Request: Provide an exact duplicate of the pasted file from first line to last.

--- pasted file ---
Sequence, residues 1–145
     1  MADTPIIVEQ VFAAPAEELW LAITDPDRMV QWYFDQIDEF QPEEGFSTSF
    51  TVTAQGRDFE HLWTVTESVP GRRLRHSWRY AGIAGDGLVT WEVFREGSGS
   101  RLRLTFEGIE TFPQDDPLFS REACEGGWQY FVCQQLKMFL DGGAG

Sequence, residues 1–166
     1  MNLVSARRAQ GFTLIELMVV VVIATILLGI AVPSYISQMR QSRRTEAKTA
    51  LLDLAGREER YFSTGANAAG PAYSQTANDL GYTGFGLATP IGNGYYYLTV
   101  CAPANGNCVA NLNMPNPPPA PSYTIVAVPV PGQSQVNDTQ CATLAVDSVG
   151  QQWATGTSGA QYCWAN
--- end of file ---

Sequence, residues 1–145
     1  MADTPIIVEQ VFAAPAEELW LAITDPDRMV QWYFDQIDEF QPEEGFSTSF
    51  TVTAQGRDFE HLWTVTESVP GRRLRHSWRY AGIAGDGLVT WEVFREGSGS
   101  RLRLTFEGIE TFPQDDPLFS REACEGGWQY FVCQQLKMFL DGGAG

Sequence, residues 1–166
     1  MNLVSARRAQ GFTLIELMVV VVIATILLGI AVPSYISQMR QSRRTEAKTA
    51  LLDLAGREER YFSTGANAAG PAYSQTANDL GYTGFGLATP IGNGYYYLTV
   101  CAPANGNCVA NLNMPNPPPA PSYTIVAVPV PGQSQVNDTQ CATLAVDSVG
   151  QQWATGTSGA QYCWAN